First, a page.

The Interview Issue

Taxibeat's Nikos Drandakis on Launching a Startup Amid the Greek Crisis


Photograph by Francesco Nazardo for Bloomberg Businessweek

What exactly does Taxibeat do?
Taxibeat is a mobile application that helps a consumer easily locate nearby taxis and choose the best available taxi based on the feedback that previous passengers have given. We introduce a reputation mechanism in the taxi industry, which is something that didn’t exist.

How did the drivers react to being rated?
When we launched, the crisis had already started in Athens. And most of the taxi drivers here had lost about 50 or 60 percent of their jobs. So they adopted us, because they hoped for new customers.

Taxibeat is cited as a rare Greek success story. Are you an outlier?
I tend to think of ourselves as starters of something new—not only us, but a small community of people in an ecosystem that is forming right now.

By community you mean …?
I’m talking about startups and people with new ideas. And one driving force for this is this crisis. Sometimes a crisis is an opportunity. You’re with your back to the wall, and you have no choice. So this happens with many people who have lost their jobs here. They try new things and stop being dependent on state money. Most of them will fail, but many will succeed.

You launched during the crisis?
Yeah, if you look back now, it looks crazy. We were just a team of three with €40,000. And I was out on the streets trying to attract drivers by distributing leaflets, out in the heat.

You once said Greece is a bridge between the developing world and the developed world. Is that an advantage?
Many other markets face the same problem—many Latin America markets, where we’re expanding now. Many Asian markets, Southern Europe markets. So we found ourselves developing a really innovative idea because we had this market at the intersection of the developing world and the developed.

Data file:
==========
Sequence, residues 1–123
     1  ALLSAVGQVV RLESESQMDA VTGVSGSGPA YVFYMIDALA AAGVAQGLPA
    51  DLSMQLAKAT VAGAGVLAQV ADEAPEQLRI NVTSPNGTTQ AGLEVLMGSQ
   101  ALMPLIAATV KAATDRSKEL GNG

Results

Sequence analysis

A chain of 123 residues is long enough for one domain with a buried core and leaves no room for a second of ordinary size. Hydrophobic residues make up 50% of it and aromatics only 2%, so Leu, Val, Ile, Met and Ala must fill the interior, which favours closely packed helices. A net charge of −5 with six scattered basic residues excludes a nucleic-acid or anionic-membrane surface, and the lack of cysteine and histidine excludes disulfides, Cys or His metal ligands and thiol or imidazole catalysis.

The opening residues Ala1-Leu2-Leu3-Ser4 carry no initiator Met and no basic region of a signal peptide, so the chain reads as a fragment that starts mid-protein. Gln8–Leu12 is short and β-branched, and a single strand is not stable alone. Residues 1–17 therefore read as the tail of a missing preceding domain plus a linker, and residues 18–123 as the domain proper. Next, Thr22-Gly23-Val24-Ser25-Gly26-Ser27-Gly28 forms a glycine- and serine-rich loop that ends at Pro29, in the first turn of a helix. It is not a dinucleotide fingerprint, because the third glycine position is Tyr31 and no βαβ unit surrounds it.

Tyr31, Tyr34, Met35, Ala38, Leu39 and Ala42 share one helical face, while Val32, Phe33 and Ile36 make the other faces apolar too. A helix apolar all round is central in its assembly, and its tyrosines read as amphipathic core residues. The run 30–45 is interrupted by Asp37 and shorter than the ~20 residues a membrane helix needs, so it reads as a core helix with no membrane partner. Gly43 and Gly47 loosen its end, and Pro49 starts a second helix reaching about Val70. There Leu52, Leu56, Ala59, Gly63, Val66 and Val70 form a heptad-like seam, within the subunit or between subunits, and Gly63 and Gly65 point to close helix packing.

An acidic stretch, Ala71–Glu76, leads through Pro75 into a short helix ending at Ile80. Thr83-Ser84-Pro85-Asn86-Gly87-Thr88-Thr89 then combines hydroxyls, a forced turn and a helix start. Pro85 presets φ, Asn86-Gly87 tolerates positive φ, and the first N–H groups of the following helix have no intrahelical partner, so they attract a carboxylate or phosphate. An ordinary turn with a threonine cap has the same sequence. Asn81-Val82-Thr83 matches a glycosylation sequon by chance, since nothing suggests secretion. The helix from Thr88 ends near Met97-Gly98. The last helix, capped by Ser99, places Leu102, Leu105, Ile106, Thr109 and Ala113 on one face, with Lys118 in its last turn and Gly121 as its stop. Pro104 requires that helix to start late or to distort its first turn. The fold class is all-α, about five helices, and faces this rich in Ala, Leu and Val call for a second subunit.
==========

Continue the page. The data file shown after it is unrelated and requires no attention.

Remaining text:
Are you turning a profit in Greece?
In Greece, we are profitable, yeah. And we’ll be profitable also in Brazil this summer. Each of our markets will be profitable after the first year or so.

Greeks have always been entrepreneurial, going around the world …
Yeah. And they almost always succeed.

Taxibeat allows you to take your business overseas while staying here.
That’s true. There’s a story behind this, because our first country after Greece was Brazil, and we managed with the help of two Greek entrepreneurs who lived there. Our main investors are people from the Greek shipping business. The shipping sector is the only one in Greece that is famous for being successful internationally, starting from Onassis. It’s no accident.

Your family was in the shoe business. You didn’t want to pursue that?
I did. It was an export factory which I took over with my brother. We had it for 15 years. And then we had problems with taxes and Chinese exports. We went bankrupt in the mid-’90s.

Your career traces Greece’s story.
Yes. But at the same time, the Internet was starting to explode. I self-trained myself as a developer, as an engineer. And then I created my own startup, which was a B2B online supplier for businesses. And then I failed, and I started all over again.

In some countries failure isn’t seen as an advantage, as it can be in Silicon Valley. Was that a problem?
It was. It was really hard. What can I say? I always wanted to do something for myself and solve problems and extract value out of this problem-solving.

In Greece, do you see that as potentially removing the stigma of failure?
Yes. When you see so many people around you having the same problems, you don’t feel this guilt. There are lots of opportunities in this crisis.

Faris is a Bloomberg Businessweek contributor.

Ebola Rising
LIMITED-TIME OFFER SUBSCRIBE NOW
 
blog comments powered by Disqus